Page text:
Before colonisation and globalisation, each country had unique and distinctive garments. As a foreigner myself, I can’t help but notice when people arrived at the photographic studio wearing their national costumes or traditional garments. It makes me wonder how their immigrant experience would have differed from a modern newcomer to New Zealand.

Of course, people have always migrated and shared their cultures, but… what would it be like coexisting in a modern world if we didn’t just wear jeans and t-shirts?

Caroline Garratt, Conservator Photography

One of my favourite things about photographic negative collections is retouching. Altering the master negative directly has been around since the earliest days of photography. The first negative emulsions were not equally sensitive to all colours, so blemishes and freckles would become dark and obvious.

Using pencil, dyes, and varnish, these features could be removed or toned back. As emulsions improved, retouching became more like a #beautyfilter with wrinkles disappearing and figures becoming more svelte. Judging from the collection long eyelashes were a big thing in the 30s!

Alexander Gordon, Humanities Technician

A contact sheet with 12 thumbnail images of people posing on concrete steps or in front of marble pillars.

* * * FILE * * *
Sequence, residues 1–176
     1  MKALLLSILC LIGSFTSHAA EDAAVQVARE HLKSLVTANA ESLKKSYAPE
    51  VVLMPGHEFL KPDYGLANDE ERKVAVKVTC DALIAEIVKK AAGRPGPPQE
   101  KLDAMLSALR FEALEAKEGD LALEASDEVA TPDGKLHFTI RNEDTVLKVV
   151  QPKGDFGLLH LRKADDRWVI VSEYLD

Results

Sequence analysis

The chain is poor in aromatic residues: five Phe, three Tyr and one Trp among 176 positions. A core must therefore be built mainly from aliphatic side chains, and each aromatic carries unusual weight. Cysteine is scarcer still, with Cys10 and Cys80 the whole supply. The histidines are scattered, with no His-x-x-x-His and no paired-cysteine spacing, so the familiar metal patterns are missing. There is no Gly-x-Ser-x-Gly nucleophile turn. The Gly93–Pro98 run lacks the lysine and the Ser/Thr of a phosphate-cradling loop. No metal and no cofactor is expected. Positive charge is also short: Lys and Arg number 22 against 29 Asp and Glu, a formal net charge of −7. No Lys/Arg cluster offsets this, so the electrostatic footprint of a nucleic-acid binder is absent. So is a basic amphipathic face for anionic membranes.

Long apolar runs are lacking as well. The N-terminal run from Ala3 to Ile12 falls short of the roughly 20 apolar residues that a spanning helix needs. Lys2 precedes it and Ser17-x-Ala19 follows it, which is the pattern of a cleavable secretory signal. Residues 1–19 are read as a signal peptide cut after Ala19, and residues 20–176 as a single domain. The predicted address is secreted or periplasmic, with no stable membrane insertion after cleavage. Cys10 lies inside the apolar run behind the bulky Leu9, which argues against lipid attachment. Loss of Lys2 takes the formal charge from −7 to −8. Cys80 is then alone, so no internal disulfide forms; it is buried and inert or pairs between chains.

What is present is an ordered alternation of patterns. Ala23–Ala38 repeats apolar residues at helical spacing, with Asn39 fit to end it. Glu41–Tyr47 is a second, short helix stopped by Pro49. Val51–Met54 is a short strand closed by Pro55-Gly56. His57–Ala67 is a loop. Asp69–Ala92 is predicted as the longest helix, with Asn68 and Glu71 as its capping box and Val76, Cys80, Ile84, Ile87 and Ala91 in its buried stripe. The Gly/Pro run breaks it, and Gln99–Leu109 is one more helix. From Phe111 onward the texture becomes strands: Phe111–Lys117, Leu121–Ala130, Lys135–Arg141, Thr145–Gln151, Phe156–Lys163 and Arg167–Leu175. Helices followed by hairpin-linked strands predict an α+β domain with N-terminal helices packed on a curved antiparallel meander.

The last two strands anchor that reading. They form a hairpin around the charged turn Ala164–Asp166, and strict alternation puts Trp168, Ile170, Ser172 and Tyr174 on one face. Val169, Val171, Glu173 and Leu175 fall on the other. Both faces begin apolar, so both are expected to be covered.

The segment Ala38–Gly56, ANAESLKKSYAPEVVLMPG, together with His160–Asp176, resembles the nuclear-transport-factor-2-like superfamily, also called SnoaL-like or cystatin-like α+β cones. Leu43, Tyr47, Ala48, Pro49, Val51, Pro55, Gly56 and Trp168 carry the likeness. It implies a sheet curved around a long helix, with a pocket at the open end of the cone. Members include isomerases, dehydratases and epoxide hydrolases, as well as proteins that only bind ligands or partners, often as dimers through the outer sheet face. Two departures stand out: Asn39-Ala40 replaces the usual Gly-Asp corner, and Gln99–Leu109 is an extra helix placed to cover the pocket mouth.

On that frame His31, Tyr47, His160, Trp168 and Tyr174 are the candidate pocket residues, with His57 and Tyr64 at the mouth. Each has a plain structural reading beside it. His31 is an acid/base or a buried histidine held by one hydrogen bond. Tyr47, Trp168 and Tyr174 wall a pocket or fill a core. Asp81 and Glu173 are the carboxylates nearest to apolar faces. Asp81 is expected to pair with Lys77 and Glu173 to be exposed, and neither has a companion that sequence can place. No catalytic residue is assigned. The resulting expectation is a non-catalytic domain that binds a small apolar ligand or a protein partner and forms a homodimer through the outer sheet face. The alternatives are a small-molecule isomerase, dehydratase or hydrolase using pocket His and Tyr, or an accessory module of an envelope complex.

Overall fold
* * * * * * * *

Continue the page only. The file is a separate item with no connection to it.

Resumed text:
Women with dog; inscribed ‘I Woolf, personal’, July 1971, Wellington, by Spencer Digby Studios. Spencer Digby / Ronald D Woolf Collection. Gift of Ronald Woolf, 1975. Te Papa (F.018240)

Although Spencer Digby and Ronald Woolf were both born in England, their studio was a Wellington institution, and many of the photos in the collection are distinctively located in Wellington. The hills, buildings, and wind-blown people are often very familiar, making me feel connected to the images and the people in them.

Over the course of the project, we’ve managed to identify 55 different Wellington churches from wedding photos! I especially enjoy that when the Woolf family wanted to make their photos a bit classier, they would use the imposing façades of the Dominion Museum or Massey Memorial to add a classical touch like the contact sheet above.

By the numbers

  • 18,533 new records in EMu!
  • 9,178 job bags
  • 54,185 images
  • 994 weddings
  • 546 cakes
  • Over 82 different churches (53 identified)
  • 316 fur coats
  • 232 debutantes
  • At least 1,667 men in suits
  • Over 142 cats (mostly from 8 cat shows)
  • 116 dogs (including one dog show)
  • 176 nurses
  • 230 moustaches
  • 33 sneaky cameras and photographers
  • 24 politicians, including 9 prime ministers
  • 117 musicians or bands
  • 369 copy negatives
  • And one trip to the zoo!

    A black and white photo of a man in a white short-sleeved shirt and long pants at a zoo and holding a chimpanzee by the hands as it does a flip in the air. There is grass in the background with other animals in cages looking on.
    Wolf, bears, and chimpanzees; inscribed ‘Wellington Zoo’, February 1967 – March 1967, Wellington, by Spencer Digby Studios. Spencer Digby / Ronald D Woolf Collection. Gift of Ronald Woolf, 1975. (F.016202)